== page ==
Abstract of a Swedish Study
On Measures to Increase Helmet Use
Summary: This is the abstract from a study published by the Swedish National Road and Transport Research Institute. Project code 40486, VTI Rapport 487, 2003. Authors: Sixten Nolen, VTI; Ken Windqvist, Linkopings universitet. Title: Effects of measures for increased bicycle helmet use. Review of Research.
The aim of this review study is to compile and analyse the state of knowledge regarding the effects of measures, both legislative and noncompulsory, taken to increase the use of cycle helmets. The results are based mainly on studies from 1990?2002 found in literature databases.
The overall conclusion is that a considerable increase in helmet use by cyclists could be achieved by noncompulsory measures, but the use levels are not as high as those achieved by legislation. Most of the positive effects of noncompulsory measures are due to multistrategy programmes at municipal and regional level, where the programmes mostly comprise informational and educational activities in combination with discounts on helmets or reward systems. There is however great variation in the level of helmet use that has been achieved; the observed helmet use which most of the measures achieve seldom exceed 50 % for children/young people and ca 25?30 % for adult cyclists. However, cycle helmet laws in combination with informational and educational activities leads to significantly higher helmet use compared to noncumpulsury measures alone. Helmet use often reach 80?90 % on average. Several studies show that helmet laws reduce head injuries among bicyclists. In Australia, for instance, number of fatalities among cyclists decreased by 45 % in average two years after their helmet laws compared to two years before.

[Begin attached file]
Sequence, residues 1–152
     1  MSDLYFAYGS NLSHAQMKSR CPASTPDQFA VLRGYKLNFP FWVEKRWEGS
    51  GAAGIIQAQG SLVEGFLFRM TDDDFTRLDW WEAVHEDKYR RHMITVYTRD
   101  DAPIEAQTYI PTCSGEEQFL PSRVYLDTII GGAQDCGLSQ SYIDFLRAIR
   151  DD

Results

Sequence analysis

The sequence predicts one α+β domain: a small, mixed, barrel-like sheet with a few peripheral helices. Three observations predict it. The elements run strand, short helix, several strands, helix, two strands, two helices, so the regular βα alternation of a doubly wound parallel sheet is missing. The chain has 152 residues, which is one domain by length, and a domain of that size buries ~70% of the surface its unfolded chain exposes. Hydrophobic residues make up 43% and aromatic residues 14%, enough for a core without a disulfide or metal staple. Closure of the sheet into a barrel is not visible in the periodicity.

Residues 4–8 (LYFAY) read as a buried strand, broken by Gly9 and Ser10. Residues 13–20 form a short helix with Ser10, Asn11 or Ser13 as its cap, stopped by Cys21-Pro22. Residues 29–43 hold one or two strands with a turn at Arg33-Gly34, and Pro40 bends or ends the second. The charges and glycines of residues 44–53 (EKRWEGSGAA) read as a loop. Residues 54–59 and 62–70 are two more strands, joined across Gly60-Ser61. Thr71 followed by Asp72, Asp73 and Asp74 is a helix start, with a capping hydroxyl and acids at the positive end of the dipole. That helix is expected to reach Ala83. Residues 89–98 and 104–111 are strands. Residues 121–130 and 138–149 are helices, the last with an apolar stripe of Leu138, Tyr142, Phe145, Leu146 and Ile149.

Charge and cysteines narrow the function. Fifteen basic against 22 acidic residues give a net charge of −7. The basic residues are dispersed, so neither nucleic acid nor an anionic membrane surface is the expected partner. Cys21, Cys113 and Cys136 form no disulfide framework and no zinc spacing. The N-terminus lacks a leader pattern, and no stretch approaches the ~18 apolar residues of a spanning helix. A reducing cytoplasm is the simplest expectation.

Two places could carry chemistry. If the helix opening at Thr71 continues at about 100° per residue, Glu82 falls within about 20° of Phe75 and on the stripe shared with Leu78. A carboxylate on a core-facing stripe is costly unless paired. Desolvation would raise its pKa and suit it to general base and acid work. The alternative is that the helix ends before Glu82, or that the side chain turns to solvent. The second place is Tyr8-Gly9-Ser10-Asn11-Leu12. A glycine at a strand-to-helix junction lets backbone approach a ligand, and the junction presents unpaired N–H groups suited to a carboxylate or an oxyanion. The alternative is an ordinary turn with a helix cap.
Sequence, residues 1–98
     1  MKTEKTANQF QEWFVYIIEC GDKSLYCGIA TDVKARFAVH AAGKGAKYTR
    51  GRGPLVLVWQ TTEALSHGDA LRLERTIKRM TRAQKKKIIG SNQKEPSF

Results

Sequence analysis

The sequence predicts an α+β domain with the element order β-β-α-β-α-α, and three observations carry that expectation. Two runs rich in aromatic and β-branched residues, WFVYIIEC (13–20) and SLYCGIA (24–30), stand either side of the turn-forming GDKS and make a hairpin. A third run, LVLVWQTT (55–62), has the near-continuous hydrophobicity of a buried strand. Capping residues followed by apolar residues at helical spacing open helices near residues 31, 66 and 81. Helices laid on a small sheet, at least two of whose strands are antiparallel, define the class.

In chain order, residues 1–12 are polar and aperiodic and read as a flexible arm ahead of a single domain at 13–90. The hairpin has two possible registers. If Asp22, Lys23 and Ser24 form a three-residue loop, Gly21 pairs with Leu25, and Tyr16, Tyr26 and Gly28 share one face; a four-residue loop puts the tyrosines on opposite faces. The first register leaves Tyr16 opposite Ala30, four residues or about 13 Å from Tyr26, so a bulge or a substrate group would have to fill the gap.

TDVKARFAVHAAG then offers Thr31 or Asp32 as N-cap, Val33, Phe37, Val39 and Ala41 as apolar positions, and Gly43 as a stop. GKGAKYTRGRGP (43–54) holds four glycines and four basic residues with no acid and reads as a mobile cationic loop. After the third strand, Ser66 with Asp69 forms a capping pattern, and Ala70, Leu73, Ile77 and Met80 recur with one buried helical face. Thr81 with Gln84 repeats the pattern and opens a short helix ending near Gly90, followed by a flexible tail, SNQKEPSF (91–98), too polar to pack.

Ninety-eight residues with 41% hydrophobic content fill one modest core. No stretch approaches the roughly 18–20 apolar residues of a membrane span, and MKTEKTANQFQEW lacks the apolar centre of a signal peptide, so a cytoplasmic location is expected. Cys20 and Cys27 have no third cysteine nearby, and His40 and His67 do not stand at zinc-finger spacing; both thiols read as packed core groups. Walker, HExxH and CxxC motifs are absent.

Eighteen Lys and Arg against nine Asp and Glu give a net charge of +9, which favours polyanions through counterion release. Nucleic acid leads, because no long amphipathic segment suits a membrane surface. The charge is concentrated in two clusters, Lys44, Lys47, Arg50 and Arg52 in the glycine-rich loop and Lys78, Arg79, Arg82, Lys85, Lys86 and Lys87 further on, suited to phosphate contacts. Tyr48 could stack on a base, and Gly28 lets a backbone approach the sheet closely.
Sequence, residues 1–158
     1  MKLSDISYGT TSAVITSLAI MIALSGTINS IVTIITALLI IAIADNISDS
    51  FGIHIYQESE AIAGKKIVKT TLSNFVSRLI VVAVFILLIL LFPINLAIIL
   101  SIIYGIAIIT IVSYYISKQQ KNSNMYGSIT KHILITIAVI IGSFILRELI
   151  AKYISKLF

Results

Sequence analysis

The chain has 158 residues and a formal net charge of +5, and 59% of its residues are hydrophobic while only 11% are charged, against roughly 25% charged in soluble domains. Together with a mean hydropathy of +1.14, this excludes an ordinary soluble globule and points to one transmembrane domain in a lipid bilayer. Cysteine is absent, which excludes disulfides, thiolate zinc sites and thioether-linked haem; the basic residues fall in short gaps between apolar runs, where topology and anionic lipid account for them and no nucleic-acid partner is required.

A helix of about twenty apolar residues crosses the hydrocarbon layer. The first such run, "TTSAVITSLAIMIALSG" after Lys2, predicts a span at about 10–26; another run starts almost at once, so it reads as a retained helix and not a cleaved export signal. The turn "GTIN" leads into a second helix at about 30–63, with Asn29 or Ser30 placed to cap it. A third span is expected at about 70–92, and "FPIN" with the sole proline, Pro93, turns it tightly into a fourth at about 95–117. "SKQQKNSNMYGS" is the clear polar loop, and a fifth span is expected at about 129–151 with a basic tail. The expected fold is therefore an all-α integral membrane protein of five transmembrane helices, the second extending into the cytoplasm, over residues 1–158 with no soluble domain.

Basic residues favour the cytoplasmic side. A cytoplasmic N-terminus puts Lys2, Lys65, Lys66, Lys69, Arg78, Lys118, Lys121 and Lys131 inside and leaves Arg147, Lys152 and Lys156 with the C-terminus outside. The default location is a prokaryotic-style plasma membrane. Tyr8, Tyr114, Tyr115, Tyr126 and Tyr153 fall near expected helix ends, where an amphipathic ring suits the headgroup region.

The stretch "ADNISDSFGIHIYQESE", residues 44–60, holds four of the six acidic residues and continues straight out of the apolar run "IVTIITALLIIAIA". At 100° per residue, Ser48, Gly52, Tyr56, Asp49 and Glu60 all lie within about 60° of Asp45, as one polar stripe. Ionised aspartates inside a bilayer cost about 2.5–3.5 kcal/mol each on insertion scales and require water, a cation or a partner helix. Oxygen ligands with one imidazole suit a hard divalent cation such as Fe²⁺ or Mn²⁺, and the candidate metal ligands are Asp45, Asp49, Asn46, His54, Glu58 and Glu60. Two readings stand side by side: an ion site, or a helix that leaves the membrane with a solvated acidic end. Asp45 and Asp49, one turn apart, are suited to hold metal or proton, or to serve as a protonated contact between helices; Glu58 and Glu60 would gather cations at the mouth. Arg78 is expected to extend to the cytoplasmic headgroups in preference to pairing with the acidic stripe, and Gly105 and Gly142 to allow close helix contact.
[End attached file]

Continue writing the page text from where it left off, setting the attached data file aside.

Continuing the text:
The effect of cycle helmet laws on cycling is much debated, but results from studies are not unambiguous. Several studies, however, indicates that a cycle helmet law may result in a reduction in cycling by young people and in a certain, but temporary, reduction in cycling by younger children. On the other hand, cycling by adults is probably not influenced.
The full study, in Swedish except for this abstract, was previously found on the VTI website in .pdf format. (See page four for the English abstract.)